This story, from We Shall Be Monsters, is so intrinsically queer and—something I freaking adore—queerly empowering that I basically fell in love from pretty much the get-go. From the nonbinary lead POV, to the slow revelations of the narrative, this is a contemporary fantasy with the perfect amount of magic and fantasy to counter the reality without feeling like it sidesteps.
Specifically, the story begins around the idea of a store operating in cash only that opens after-hours and secretly for trans shoppers, run by a woman who seems, well, off. Rumour suggests she’s a vampire, or in some other way not to be trusted, but the main character persists in trying to figure things out, and in doing so, learns greater truths and ends up in the position to help this person do more good.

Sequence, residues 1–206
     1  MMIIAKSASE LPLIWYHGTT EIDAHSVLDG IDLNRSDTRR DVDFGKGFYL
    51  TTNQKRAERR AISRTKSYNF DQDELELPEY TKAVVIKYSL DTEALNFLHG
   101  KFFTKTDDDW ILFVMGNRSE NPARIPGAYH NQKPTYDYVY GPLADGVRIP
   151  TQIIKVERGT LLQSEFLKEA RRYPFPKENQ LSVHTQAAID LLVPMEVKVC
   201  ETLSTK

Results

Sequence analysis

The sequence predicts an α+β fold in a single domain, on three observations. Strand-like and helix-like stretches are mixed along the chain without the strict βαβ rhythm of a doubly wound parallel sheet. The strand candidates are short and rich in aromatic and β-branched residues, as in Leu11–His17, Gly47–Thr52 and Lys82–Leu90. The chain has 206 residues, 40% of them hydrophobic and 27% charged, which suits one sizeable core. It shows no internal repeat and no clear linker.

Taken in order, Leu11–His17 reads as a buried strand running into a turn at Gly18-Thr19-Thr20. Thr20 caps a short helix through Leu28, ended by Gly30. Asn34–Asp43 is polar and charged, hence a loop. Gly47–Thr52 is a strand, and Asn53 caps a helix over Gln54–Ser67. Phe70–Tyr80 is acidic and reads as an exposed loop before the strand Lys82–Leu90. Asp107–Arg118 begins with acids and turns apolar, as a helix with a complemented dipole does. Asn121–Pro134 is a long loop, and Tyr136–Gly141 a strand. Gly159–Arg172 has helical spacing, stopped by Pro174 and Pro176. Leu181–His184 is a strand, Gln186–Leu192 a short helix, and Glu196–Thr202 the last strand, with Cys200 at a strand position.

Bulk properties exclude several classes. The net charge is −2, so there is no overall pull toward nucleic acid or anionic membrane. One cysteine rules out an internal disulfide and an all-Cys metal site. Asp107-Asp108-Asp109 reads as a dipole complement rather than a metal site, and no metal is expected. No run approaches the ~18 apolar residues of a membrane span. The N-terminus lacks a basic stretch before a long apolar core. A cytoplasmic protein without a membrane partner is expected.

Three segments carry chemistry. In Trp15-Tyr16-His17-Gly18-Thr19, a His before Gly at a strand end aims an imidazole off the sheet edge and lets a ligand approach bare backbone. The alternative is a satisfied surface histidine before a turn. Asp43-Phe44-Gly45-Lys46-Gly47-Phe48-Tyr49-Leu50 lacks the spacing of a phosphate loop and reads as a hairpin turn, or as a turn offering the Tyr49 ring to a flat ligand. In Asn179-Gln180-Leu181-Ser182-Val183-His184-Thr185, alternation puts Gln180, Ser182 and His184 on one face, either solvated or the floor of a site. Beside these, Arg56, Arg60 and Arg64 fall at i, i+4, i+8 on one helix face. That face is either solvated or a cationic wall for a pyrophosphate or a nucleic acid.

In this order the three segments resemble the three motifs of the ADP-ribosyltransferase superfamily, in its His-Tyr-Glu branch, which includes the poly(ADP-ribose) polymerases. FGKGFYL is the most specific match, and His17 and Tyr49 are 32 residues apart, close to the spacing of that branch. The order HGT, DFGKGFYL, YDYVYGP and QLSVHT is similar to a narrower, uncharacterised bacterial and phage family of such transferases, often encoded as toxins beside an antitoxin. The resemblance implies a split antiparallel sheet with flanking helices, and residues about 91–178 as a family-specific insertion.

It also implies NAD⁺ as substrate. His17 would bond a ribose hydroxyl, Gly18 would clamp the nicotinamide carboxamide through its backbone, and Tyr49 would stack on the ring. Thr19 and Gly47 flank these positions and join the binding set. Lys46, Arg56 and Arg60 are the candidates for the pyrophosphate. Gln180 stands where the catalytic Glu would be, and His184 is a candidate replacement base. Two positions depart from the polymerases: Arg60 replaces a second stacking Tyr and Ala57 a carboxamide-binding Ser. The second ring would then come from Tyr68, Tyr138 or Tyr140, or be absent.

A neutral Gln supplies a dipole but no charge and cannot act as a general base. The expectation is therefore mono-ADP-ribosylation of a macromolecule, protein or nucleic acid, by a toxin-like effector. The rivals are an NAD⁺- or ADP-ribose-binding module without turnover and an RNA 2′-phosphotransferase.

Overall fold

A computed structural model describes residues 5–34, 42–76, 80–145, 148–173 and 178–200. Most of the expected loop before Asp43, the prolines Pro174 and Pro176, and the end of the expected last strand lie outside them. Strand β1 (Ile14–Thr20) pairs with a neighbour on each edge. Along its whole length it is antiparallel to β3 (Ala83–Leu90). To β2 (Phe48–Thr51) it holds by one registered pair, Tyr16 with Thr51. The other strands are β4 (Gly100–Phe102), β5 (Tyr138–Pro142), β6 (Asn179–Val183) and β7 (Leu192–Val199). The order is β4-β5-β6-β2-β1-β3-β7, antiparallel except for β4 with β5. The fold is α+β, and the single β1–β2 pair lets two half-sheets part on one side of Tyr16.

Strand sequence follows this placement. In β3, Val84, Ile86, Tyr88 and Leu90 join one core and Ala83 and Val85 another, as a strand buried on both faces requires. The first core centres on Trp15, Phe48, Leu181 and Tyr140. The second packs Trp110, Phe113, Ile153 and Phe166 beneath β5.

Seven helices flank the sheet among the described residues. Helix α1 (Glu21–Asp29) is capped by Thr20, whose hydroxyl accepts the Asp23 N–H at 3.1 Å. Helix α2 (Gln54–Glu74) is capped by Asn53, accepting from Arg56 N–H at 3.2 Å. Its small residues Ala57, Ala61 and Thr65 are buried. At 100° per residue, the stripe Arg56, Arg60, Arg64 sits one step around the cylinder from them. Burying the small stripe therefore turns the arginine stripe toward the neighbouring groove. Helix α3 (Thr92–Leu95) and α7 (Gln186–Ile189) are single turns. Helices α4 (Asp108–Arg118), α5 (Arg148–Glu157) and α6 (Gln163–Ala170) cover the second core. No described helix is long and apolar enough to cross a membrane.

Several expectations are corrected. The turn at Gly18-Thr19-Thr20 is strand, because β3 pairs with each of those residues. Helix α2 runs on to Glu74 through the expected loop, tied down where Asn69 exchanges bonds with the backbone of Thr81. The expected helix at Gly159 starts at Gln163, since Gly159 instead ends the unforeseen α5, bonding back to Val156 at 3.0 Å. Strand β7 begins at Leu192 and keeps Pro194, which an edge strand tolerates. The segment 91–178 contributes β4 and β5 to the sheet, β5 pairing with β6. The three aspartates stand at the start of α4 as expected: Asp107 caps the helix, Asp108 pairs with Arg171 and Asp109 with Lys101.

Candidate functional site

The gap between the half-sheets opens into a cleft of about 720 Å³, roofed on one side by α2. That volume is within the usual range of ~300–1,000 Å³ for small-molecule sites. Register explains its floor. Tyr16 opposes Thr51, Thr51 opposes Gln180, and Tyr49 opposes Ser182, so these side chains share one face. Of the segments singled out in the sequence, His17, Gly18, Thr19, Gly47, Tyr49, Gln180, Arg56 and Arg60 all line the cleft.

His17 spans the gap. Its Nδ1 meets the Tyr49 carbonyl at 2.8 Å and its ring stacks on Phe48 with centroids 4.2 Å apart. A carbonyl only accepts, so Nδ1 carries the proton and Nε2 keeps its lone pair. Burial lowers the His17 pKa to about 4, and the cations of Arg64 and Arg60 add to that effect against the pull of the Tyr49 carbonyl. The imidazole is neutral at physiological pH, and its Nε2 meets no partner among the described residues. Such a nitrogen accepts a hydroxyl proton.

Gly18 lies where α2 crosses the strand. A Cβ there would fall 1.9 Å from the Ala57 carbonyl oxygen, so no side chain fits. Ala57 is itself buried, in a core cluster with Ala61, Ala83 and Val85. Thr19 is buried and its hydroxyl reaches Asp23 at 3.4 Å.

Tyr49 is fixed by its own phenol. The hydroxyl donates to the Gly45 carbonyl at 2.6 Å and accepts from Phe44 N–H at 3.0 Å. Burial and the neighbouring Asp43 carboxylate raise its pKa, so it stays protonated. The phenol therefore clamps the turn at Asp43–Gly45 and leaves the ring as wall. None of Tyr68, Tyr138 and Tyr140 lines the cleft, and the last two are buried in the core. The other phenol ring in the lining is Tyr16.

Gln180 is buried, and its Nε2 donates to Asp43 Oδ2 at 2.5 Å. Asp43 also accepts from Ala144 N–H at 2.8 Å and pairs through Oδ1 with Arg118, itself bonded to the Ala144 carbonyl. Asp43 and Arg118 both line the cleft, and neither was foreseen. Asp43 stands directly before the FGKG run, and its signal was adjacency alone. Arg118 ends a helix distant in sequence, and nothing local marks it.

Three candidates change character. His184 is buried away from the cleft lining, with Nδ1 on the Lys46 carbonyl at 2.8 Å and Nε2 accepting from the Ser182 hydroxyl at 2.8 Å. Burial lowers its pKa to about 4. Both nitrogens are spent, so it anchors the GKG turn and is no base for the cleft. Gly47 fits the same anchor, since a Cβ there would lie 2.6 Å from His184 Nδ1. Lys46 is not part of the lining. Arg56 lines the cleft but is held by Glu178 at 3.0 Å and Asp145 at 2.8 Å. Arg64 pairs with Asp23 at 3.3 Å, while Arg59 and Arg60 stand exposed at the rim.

I talk about balancing queer stories a lot. I never want to downplay reality, as that often feels dismissive and makes the shiny-happy-rainbows ring false; I also don’t want to over-focus on the grimmer realities because, frankly, we live those and don’t need to have our “entertainment” be an echo chamber of the things we already know and have to deal with on a daily basis. There’s a middle-ground where hopeful and genuinely inspiring stories sit, and “The Patchwork Girl” is right there, dead centre.